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Opposition launch assault on Sirte after NATO strikes

Text by News Wires

Latest update : 2011-08-26

Opposition fighters prepared to attack Muammar Gaddafi’s hometown of Sirte Friday after NATO warplanes bombed a military bunker near the loyalist bastion. There is mounting speculation that Gaddafi may have sought refuge in Sirte.

AFP – British warplanes bombed a bunker in Moamer Kadhafi's birthplace of Sirte as rebel fighters prepared Friday to attack the town, one of the last major regime holdouts east of Tripoli.

As insurgent leaders moved into Tripoli to begin a political transition, the African Union called for that process to be "inclusive."

And the UN human rights chief warned against assassinating Kadhafi, whose whereabouts are unknown and who has a $1.7 million rebel price on his head.

"At around midnight, a formation of Tornado GR4s... fired a salvo of Storm Shadow precision-guided missiles against a large headquarters bunker in Kadhafi's hometown of Sirte," the defence ministry said in London.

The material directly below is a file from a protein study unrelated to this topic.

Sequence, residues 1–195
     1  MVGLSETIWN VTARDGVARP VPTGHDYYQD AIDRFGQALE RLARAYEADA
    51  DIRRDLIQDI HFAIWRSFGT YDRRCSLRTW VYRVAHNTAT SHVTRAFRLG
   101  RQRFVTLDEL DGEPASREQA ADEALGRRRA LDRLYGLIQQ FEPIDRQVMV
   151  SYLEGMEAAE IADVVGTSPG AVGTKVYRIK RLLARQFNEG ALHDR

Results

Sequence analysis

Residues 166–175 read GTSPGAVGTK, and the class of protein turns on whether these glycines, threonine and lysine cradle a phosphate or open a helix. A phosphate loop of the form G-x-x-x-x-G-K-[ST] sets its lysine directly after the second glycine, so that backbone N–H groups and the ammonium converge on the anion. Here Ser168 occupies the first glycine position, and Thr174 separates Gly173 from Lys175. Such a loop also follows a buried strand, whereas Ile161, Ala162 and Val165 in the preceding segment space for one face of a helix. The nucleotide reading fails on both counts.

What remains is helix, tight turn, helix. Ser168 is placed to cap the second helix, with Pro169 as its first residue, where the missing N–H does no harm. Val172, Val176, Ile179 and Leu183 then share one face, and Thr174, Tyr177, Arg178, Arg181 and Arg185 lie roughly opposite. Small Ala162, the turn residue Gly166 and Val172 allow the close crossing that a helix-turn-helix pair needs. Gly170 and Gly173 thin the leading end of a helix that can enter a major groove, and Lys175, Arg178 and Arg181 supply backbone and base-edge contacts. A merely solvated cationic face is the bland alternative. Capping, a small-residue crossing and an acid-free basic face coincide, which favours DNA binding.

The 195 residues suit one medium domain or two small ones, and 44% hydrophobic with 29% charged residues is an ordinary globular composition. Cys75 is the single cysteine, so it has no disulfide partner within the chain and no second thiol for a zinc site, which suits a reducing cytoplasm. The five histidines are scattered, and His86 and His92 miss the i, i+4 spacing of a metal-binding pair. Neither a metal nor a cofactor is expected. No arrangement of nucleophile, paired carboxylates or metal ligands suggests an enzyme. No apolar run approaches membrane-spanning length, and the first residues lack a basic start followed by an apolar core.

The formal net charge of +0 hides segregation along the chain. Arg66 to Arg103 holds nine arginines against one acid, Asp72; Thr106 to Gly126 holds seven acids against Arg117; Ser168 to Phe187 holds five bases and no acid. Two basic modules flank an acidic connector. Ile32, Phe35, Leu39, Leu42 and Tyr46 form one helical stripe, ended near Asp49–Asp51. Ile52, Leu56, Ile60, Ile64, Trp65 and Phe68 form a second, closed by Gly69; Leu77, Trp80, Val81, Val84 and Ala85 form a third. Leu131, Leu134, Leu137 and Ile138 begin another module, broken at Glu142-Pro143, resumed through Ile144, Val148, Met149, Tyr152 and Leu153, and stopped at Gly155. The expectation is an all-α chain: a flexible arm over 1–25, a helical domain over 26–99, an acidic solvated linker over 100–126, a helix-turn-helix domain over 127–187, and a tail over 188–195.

Speculation that Kadhafi might have found refuge in the town, which lies 360 kilometres (225 miles) east of Tripoli, has not been confirmed.
NATO said on Friday its planes had hit 29 armed vehicles and a "command and control node" in the vicinity of Sirte as they were advancing toward the rebel-held port of Misrata, about 140 kilometres away.
Regime forces in Sirte have been regularly targeted since the start of the campaign, an official said, but it is in sharp focus now because "it's one of the last places he (Kadhafi) has control of."
"It has always been a stronghold of the regime and now the remnants of the regime are using it to launch attacks," the official said.
"Misrata is one of those cities we have to protect. This regime, no matter what state it's in, is still capable of killing civilians."
Diehards of Kadhafi, whose son Seif al-Islam vowed from the start that loyalists would fight "to the last bullet", are still trying to reconstitute NATO-decimated weapons, including surface-to-air missiles, the official said.
"This large convoy is a very threatening move, as threatening as launching a missile."